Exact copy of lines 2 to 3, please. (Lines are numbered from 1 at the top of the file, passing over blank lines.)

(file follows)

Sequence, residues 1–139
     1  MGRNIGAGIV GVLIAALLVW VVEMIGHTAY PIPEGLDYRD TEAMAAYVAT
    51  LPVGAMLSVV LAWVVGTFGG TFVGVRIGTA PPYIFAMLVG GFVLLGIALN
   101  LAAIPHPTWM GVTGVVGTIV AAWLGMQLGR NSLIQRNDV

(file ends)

     1  MGRNIGAGIV GVLIAALLVW VVEMIGHTAY PIPEGLDYRD TEAMAAYVAT
    51  LPVGAMLSVV LAWVVGTFGG TFVGVRIGTA PPYIFAMLVG GFVLLGIALN